House Minority Leader Kevin McCarthy came on Inside the Issues to discuss reopening schools, police reform, and preserving monuments.

What You Need To Know

  • House Minority Leader Kevin McCarthy said schools need a plan to reopen

  • McCarthy said police departments need more money for de-escalation training and body cameras 

  • He supports creating a bipartisan police reform bill but did not vote on the George Floyd Justice in Policing Act

  • McCarthy said “mobs” should peacefully advocate for removing monuments instead of tearing them down

Reopening Schools

Health officials and political leaders are conflicted as to whether or not schools should reopen this fall

Rep. McCarthy said a reopening plan needs to be put in place for schools across the nation before kids are back on school grounds.

“We want to make sure it's safe, and I believe there's a way we can do that, and that's one of the things that Congress should be working on,” Rep. McCarthy said. “Part of our work should be focusing on making sure not if schools will open, but how they'll open. Right now people are just shutting them down. I want to put a plan together, and in the right phase that they can open back up. Parts of the country can, other parts may not be able to. But we can make sure that we have the safety to do it in the right manner.”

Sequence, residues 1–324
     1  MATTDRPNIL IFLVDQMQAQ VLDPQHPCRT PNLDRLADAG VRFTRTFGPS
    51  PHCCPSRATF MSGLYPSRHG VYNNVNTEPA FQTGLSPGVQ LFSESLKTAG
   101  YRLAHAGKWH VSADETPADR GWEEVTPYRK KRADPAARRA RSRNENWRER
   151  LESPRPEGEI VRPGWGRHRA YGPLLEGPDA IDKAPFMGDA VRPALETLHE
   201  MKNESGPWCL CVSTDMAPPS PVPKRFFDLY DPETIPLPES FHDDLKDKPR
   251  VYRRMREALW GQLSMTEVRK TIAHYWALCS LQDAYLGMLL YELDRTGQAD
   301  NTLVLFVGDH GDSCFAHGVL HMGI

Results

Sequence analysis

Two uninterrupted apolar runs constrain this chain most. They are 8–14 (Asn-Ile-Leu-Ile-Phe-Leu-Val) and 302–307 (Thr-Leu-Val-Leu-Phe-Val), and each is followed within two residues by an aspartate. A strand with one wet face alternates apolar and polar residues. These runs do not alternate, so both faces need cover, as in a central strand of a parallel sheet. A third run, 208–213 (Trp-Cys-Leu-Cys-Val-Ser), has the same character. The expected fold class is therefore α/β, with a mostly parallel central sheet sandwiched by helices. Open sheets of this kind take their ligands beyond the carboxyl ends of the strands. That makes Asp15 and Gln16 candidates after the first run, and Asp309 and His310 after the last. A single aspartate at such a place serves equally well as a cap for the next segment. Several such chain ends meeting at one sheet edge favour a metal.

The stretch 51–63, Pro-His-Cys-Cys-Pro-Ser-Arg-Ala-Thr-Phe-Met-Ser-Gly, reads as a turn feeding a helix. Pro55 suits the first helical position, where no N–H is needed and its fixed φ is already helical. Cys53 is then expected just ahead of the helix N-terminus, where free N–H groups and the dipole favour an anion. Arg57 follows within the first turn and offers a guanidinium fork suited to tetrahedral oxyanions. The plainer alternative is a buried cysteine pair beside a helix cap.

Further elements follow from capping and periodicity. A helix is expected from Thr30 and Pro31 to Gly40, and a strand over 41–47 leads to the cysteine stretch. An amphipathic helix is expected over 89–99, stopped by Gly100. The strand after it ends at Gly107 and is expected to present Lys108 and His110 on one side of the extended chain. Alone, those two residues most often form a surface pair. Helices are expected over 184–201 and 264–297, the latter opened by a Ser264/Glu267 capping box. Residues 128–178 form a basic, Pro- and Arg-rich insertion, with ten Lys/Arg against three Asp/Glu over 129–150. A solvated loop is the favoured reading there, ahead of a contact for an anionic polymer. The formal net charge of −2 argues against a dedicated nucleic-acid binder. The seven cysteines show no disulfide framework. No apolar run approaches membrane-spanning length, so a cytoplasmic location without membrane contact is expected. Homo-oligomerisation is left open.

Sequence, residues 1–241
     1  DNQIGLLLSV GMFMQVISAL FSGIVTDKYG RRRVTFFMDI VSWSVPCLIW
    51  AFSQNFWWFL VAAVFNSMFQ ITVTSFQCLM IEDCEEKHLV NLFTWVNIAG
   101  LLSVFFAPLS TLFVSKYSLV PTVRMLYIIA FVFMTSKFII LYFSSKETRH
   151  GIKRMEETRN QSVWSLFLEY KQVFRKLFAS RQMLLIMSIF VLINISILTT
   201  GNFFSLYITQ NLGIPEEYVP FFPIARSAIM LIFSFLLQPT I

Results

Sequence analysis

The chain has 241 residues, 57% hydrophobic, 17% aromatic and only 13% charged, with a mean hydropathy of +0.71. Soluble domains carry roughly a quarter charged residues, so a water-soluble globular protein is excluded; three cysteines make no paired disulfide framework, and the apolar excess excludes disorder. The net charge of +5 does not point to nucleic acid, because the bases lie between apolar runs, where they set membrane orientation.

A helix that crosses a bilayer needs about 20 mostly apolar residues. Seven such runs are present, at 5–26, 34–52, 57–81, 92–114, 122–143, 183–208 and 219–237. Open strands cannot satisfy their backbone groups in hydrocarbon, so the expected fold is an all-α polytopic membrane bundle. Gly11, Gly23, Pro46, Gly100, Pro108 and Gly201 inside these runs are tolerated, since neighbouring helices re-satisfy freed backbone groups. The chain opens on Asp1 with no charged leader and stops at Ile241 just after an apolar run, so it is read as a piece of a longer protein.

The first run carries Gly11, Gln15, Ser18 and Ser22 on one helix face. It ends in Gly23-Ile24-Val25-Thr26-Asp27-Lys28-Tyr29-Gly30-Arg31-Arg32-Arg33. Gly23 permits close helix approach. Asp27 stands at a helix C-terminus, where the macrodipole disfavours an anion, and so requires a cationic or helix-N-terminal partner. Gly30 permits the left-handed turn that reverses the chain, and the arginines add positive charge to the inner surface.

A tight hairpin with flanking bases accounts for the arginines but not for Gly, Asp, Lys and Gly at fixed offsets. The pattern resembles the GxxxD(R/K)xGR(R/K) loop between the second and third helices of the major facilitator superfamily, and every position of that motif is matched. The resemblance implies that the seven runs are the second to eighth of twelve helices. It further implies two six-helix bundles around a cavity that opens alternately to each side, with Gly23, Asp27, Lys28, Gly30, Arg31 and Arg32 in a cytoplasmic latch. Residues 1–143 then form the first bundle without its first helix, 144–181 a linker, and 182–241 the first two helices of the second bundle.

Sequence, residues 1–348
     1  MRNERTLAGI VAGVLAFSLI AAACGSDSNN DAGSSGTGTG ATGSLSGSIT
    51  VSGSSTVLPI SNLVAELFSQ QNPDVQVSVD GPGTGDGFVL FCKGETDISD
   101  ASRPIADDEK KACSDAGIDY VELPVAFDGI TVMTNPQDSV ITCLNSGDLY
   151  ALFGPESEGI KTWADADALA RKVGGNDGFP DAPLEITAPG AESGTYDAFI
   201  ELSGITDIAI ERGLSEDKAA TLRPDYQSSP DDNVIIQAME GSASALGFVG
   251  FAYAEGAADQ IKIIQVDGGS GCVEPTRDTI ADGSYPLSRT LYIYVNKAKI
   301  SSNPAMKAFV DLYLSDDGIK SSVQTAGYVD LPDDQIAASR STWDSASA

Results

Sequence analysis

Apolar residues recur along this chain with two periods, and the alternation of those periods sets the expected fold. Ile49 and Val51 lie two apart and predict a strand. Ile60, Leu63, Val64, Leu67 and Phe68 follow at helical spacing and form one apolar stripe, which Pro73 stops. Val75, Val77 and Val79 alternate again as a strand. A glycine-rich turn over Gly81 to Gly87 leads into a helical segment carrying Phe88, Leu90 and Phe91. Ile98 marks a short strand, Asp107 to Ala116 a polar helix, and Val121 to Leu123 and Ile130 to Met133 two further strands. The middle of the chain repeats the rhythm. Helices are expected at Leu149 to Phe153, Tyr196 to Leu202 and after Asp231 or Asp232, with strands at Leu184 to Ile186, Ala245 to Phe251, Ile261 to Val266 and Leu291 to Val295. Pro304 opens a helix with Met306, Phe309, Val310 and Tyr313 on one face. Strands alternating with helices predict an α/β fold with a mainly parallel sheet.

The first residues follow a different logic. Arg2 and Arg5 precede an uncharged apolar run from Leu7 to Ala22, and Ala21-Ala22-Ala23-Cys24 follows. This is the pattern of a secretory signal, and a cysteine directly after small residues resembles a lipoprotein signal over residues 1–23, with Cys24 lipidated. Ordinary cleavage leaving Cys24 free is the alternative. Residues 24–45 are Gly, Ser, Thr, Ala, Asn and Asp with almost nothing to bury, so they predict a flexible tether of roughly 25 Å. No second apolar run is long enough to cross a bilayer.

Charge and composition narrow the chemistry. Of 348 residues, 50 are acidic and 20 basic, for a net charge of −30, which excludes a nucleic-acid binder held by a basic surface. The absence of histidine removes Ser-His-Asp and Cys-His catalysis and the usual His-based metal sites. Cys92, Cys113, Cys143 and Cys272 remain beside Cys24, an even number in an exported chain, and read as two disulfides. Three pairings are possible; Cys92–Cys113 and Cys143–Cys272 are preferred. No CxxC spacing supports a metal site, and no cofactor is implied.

He said teachers and administrators are put at risk by returning to school.

“Is there a plexiglass that could go up in front of the class where the teacher could speak from? Would the students need to be kept inside, keep the lunch inside, and also keep the students together not moving from classes? Well those things need to be discussed now and a plan needs to be written, much better than saying nothing should be done. We cannot have a generation where they’re not [educated],” Rep. McCarthy said.

Police Reform

The ethics of law enforcement have been called into question after the death of George Floyd at the hands of a now former Minneapolis police officer, Derek Chauvin. In response, members of Congress passed the George Floyd Justice in Policing Act.

Rep. McCarthy did not vote on it.

“I would look at a couple different things. We need to make sure that we have transparency and accountability. We also need to make sure that bad cops cannot stay in the process,” Rep. McCarthy said. “I’m one who believes there has to be more funding; there has to be better training. How do we train to de-escalate? We have to have more funding because I believe all officers should have a video camera. I think if we took away immunity, there would be a severe problem here that good officers would leave.”

Rep. McCarthy said no one wants bad cops out of police departments more than good cops.

“When you look at the bill that Tim Scott and myself worked on, about 80 percent of that was inside the Democrat bill. Unfortunately, no amendments were allowed. And on the Senate side, it wasn’t even allowed to come up with debate even though they would allow debates on the Senate side. So you can’t find a compromise unless you allow the process to work and unless you allow amendments to be voted on,” Rep. McCarthy said. “Maybe you don’t like the amendment idea. At least give the opportunity for it to be voted, because that’s how you would come together.”

Rep. McCarthy hasn’t given up on creating a bipartisan police reform bill.